How to create an Objective-C Bridging header

Super important to know during this time of Objective-C to Swift transition. I’ve had to use this technique and it will be good for all Swift developers to have in their kit-bag until we can finally be 100% Swift.

How to create an Objective-C Bridging header – iOS-Blog
So you want to use an Objective-C Library or SDK in your Swift application eh? Well do not fret. This quick tutorial will show You how you can create an Objective-C Bridging Header in your Swift application so you can use them both together and seamlessly.

UIView Animation with Swift

Here is a very simple way to do UIView Animations in Swift.

First, you create an IBOutlet for a constraint created in Interface Builder in Xcode – in my case, I had a constraint that anchored to the bottom of the containing view. In the code example, the constraint is named “constraintToAnimate”. You just control drag from the Storyboard to your code as you would when connecting a control, but in this case you connect a constraint. It will look something like this (the name of your constraint will hopefully be different):

    @IBOutlet weak var constraintToAnimate: NSLayoutConstraint!

The following snippet is basically a straight-up conversion of Apple’s own Objective-C example given in the documentation article Auto Layout by Example in the Animating Changes Made by Auto Layout section (you may need to scroll down to find that section).

    self.view.layoutIfNeeded()
    UIView.animateWithDuration(0.3, animations: {
        // make constraint changes here...
        self.constraintToAnimate.constant = 250 // your value here.
        self.view.layoutIfNeeded()
        }, completion: {
            (value: Bool) in
            // completion code here...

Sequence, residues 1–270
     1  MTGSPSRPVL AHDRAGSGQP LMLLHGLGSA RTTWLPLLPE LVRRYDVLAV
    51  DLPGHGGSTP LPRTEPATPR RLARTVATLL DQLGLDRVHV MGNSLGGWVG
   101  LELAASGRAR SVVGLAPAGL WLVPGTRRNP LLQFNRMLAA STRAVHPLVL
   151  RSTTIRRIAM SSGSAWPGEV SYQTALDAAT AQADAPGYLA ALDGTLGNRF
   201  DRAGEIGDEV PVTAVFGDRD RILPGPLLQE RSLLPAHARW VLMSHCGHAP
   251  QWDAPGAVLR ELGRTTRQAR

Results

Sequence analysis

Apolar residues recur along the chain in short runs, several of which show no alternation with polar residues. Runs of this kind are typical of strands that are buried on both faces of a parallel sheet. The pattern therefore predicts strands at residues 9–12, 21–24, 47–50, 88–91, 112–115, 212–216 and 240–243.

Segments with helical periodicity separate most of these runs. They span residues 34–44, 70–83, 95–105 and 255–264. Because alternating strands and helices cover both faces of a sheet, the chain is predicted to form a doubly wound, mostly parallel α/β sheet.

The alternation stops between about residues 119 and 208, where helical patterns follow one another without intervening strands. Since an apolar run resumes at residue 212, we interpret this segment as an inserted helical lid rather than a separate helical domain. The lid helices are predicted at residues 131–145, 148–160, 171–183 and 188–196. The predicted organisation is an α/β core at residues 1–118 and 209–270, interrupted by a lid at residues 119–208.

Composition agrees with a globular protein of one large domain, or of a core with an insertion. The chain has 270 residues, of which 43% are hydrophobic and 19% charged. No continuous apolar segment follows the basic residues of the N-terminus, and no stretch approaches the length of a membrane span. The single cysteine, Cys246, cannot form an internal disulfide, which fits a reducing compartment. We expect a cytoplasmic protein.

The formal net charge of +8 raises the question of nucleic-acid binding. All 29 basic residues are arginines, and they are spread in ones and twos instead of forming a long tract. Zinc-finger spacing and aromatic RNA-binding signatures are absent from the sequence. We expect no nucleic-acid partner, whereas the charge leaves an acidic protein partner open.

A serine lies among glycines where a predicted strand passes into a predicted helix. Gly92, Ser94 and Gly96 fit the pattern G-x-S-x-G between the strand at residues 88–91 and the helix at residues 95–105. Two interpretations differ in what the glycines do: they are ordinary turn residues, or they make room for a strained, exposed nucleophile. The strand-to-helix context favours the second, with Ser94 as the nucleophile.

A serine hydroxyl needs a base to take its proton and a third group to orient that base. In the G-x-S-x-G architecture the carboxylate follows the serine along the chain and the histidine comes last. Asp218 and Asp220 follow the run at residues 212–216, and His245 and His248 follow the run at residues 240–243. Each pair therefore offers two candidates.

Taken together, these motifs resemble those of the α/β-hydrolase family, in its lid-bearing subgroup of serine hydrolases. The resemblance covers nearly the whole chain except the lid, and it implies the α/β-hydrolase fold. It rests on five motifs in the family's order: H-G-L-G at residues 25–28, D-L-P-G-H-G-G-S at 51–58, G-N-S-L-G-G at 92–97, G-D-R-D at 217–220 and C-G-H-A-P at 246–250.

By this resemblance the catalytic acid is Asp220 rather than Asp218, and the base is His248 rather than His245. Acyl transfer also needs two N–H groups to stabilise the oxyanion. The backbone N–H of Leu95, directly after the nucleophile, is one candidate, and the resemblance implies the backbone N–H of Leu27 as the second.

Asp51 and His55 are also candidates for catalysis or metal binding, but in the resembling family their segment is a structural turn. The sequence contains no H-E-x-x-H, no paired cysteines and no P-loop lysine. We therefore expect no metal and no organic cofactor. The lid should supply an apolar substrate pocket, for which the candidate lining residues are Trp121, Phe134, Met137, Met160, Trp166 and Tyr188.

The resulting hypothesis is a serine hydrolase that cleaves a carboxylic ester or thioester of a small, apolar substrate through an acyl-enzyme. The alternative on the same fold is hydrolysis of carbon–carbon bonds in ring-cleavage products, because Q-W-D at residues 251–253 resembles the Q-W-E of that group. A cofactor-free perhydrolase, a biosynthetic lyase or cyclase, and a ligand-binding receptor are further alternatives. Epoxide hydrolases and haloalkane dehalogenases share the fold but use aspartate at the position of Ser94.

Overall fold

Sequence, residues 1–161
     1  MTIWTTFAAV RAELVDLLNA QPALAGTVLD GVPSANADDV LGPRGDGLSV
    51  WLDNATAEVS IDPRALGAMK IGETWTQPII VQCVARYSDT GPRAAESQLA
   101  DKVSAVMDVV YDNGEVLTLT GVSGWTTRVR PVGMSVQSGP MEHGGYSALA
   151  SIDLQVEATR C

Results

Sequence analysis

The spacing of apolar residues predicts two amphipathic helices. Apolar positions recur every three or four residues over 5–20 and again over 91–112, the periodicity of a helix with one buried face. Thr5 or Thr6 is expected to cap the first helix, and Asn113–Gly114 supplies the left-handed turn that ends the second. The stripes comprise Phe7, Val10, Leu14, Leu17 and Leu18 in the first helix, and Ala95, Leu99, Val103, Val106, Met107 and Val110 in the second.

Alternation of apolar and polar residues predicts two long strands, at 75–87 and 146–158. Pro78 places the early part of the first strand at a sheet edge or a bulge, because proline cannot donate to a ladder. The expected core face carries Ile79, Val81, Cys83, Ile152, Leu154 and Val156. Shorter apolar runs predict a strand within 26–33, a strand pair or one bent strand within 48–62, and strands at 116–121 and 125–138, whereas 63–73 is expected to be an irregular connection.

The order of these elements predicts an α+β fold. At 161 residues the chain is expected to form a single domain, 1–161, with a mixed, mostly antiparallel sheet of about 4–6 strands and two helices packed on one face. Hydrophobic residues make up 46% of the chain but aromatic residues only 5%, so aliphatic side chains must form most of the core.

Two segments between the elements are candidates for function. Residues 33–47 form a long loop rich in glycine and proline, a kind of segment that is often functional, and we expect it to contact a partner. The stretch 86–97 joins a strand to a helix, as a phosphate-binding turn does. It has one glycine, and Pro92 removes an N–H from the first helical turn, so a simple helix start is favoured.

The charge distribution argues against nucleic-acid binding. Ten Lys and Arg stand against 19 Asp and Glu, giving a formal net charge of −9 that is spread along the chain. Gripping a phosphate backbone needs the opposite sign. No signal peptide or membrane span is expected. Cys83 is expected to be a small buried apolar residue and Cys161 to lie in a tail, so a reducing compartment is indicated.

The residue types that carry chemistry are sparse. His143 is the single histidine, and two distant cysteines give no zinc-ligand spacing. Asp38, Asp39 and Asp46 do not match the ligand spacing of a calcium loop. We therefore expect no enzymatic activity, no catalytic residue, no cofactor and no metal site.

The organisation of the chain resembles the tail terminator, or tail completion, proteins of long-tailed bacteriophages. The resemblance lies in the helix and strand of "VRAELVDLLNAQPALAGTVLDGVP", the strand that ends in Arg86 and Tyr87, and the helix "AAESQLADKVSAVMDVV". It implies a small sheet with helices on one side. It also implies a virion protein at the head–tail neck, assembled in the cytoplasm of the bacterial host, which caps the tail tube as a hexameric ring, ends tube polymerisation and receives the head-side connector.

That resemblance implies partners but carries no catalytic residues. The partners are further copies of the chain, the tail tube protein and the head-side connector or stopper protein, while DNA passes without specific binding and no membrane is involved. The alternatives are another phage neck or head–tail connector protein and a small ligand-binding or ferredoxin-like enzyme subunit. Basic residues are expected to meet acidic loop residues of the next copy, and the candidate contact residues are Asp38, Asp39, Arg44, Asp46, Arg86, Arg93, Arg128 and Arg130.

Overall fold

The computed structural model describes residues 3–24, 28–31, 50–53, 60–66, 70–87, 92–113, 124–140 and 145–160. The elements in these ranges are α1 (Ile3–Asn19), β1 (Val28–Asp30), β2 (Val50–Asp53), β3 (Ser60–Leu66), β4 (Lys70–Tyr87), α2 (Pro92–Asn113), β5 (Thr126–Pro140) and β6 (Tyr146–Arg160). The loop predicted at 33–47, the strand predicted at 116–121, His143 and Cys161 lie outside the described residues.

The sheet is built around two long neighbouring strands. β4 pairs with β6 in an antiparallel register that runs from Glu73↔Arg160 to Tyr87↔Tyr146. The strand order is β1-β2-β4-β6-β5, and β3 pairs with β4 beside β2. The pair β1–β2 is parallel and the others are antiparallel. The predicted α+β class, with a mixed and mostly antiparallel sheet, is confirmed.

})

Basically, in pre-Auto Layout days you would just animate the frame. Today you just animate the constraint. It works great and once you get your head wrapped around it, it’s pretty straightforward.

UIDatePicker Height Inconsistency at Runtime [#iOSDev, #SwiftLang]

Apple needs to fix this one.

There is an inconsistency in the way that the UIDatePicker is rendered in Storyboards in Xcode vs. their rendering at runtime. This problem set me back longer than it should have this morning, since its effect was tricky to diagnose. The basic consequence of this was that the custom UIButton I had attached to the top of the date picker (inside a UIView) was not receiving taps and for the life of me I couldn’t figure out why…

First, to diagnose the problem, I used this tip to get the UIView recursiveDescription method working in my Swift project, and I was able to get a dump of the view hierarchy. From that, I could tell that the UIView I had created as a container was at a Y value of -54, and was therefore outside the bounds that I had set for the custom view, and was not receiving tap events.

Then I stumbled on this Stack Overflow post by Florian Mielke, which suggested that there is a typo-bug somewhere in Xcode or iOS in the rendering of UIDatePicker in a Storyboard vs. Runtime:

iphone – iOS 7 UIDatePicker height inconsistency? – Stack Overflow

“I can confirm that using UI(Date)Picker in storyboards has a different height (162.0) than in “reality” (216.0). Therefore you have to adjust the space to container view to fit that ‘real’ date picker height or try to solve it using auto-layout.”

Reconciling that with the output from recursiveDescription totally agreed with this, and once I increased the size of my custom view, taps were once again being received by the Done button!

How to read a JSON file from your bundle and output the contents as a String in Swift

When you’re first getting started with Swift, even the easiest things may seem a challenge. For example, reading in a JSON file, converting its contents to a String and then sending the result to the console may take a while to figure out (at least, it did for me…).

I needed to do this in my current project for diagnostic purposes, and thought it might be helpful to others, so here’s the little code snippet I used:

    // 1
    let filePath = NSBundle.mainBundle().pathForResource("MyJSONFileName",ofType:"json")
    // 2
    var readError:NSError?
    // 3
    if let data = NSData(contentsOfFile:filePath!, options:NSDataReadingOptions.DataReadingUncached, error:&readError) {
        // 4
        let stringData = NSString(data: data, encoding: NSUTF8StringEncoding)
        // 5
        println("data read: \(stringData)")
    }

As you can see, it’s pretty straightforward.

  1. Create a file path to the file.
  2. Declare an NSError object for use in the reading (this example just eats the error, however).
  3. Read in the data from the JSON file.
  4. Create an NString object, initializing it with the NSString(data:encoding:) method.
  5. Output the result.